Sometimes, life may deal you multiple bad blows in succession, perhaps including jail time, income loss, and even a breakup of your marriage. If that marriage also included minor children, then you likely can expect your spouse to pursue an award of child support. If that happens, your incarceration or job resignation may lead a court to order you to pay support commensurate with an income that’s higher than what you actually make. This is called imputed income and, while it is sometimes available when events like a job resignation or incarceration occur, it is not automatic. With the help of a skilled South Florida child support lawyer, you can defeat your spouse’s argument for imputed income.
The idea behind imputed income is that a supporting parent should not be able to dodge paying support by voluntarily not working or working at a level far below his/her abilities. If your spouse was a Miami neurosurgeon making $750,000 a year and voluntarily left that job to take a position as a swimming instructor making $40,000 per year, he’s probably going to be considered voluntarily underemployed. A parent’s inability to earn a certain amount of income because of current or past incarceration is something that the law will also often view as voluntary.
Not every job change with a downward salary trajectory is voluntary underemployment, though. Take J.P., a dad from Orange County. He voluntarily left a job that paid him $68,000 per year. Two years later, J.P. was working for his parents and making $30,000 per year. J.P., however, could not be found to be voluntarily underemployed.
Why not? Because a finding of voluntary underemployment or unemployment requires two essential things under Florida law, one of which J.P.’s ex-wife didn’t have. First, the parent requesting child support has to prove that the supporting parent voluntarily left his previous, higher-paying job. Second, the parent requesting support has to prove that the supporting parent made “less than diligent and bona fide efforts to find employment paying income at a level equal to or better than that formerly received.”
In J.P.’s case, the child’s mother had proof of requirement number one, but not number two. The child’s mother gave the court no evidence that tended to show that the father was earning $30,000 per year in income because he had made “less than diligent” attempts to find a higher-paying job.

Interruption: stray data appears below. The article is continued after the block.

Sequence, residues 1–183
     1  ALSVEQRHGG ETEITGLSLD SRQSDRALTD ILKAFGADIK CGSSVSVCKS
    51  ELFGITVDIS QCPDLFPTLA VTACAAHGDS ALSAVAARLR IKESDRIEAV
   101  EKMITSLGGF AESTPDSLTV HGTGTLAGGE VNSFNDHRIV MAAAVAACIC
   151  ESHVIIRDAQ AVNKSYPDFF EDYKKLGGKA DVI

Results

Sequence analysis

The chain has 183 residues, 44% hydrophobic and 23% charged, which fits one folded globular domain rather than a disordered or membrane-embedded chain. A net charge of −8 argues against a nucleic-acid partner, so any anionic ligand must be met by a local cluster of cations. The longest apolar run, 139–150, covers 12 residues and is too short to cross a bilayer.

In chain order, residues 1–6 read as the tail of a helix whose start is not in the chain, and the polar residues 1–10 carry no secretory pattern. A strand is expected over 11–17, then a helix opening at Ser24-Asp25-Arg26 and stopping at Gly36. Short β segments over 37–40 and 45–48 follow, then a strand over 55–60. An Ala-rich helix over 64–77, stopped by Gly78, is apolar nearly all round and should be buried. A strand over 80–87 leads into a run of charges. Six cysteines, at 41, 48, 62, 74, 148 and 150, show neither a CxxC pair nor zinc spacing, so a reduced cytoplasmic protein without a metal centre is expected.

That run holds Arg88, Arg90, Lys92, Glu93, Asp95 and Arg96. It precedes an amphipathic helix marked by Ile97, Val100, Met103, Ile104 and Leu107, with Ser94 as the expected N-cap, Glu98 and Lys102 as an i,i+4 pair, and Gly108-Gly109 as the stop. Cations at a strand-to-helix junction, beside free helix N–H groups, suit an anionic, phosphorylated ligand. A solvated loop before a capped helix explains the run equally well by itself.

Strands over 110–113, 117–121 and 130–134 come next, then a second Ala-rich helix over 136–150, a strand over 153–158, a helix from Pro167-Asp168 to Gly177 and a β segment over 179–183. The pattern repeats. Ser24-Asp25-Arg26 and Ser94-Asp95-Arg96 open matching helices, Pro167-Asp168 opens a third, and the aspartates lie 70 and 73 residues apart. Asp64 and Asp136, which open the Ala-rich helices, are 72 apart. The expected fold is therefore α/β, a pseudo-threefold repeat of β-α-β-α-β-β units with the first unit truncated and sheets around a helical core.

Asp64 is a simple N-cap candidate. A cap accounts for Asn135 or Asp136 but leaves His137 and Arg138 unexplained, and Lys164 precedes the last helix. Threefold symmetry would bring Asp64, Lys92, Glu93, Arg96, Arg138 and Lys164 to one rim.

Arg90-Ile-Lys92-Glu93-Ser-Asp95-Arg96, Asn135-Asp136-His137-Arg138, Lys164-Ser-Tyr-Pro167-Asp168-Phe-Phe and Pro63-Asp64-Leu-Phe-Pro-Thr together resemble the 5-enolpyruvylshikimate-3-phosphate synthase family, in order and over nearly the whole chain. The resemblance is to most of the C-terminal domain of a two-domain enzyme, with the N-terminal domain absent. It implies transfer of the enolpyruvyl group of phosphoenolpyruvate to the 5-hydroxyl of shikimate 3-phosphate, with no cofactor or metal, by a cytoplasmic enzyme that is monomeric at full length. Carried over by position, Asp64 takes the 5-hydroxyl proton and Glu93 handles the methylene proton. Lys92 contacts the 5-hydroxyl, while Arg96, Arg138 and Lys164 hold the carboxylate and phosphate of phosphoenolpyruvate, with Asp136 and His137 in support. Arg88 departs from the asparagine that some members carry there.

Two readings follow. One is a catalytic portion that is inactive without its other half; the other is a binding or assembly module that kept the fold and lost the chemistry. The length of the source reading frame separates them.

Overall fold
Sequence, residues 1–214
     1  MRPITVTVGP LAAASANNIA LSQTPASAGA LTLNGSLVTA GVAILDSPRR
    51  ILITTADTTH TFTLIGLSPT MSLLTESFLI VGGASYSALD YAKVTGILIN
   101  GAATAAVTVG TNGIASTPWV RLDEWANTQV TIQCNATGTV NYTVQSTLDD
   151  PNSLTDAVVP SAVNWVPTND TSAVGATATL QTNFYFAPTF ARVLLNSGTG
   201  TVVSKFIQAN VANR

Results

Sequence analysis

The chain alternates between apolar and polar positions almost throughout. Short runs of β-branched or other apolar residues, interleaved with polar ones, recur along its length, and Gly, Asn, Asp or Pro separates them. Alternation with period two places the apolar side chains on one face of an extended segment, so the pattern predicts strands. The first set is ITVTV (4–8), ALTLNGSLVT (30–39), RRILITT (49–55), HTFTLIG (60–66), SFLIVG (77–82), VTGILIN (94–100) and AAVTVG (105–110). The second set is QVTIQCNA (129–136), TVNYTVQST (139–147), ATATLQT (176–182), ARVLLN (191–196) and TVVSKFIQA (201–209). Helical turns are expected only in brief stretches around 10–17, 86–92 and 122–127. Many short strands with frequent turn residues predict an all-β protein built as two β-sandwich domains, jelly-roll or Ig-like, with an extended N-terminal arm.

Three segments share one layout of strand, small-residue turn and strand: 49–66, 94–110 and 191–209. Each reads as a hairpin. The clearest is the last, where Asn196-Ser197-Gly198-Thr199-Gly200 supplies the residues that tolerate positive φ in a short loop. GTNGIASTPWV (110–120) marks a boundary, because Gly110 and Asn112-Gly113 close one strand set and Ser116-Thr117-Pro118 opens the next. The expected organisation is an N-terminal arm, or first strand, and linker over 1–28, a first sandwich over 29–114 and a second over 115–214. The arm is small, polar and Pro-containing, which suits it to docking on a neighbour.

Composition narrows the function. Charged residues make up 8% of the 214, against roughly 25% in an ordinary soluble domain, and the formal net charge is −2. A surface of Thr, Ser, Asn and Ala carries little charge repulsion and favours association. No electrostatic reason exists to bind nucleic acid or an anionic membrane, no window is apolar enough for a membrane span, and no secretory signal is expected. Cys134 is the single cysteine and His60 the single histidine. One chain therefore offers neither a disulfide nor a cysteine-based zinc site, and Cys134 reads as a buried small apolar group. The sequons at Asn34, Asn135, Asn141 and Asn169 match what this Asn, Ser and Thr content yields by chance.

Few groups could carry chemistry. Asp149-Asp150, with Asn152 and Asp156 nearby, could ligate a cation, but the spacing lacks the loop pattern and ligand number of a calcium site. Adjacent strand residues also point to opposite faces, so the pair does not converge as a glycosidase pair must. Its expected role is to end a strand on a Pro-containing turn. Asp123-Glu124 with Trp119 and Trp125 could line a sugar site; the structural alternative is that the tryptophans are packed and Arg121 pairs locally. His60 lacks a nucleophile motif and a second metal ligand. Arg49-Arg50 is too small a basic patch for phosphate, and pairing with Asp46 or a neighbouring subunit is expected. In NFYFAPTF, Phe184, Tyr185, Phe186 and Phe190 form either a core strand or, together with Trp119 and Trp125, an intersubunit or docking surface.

Sometimes, a supporting parent’s income may dip after a period of incarceration. When that happens, the law may decide that income should be imputed because “an individual’s actions that lead to incarceration are voluntary for purposes of … imputation of income for child support purposes.” Again, though, not every jail stint will trigger an imputation of income. If your child’s other parent seeks to impute income to you because you did some time in jail and now earn less than you did before, she must demonstrate to the court that your failure to earn what you were earning before is caused by or connected to your time in jail.
Without those essential findings, imputing income to a supporting parent is not appropriate. In J.P.’s case, the mother again had an evidence problem. Just like the issue of the diligence of the father’s job search, the mother lacked evidence that J.P.’s inability to get a job paying more than $30,000 per year was a result of his time in jail, so imputing income was not proper.
One of the key things you can take away from J.P.’s matter is that each case is unique. Cases like those addressing imputed income in child support calculations are very fact-intensive and hinge on your ability to put on a strong case and to point out when your ex-spouse has failed to prove what the law requires of him/her. To get that done, make sure you have the right legal advocate in your corner. Call upon the knowledgeable child support attorneys at Sandy T. Fox, P.A. to provide you with the powerful legal representation you need. Contact our attorneys online or by calling (800) 596-0579 to schedule your confidential consultation today.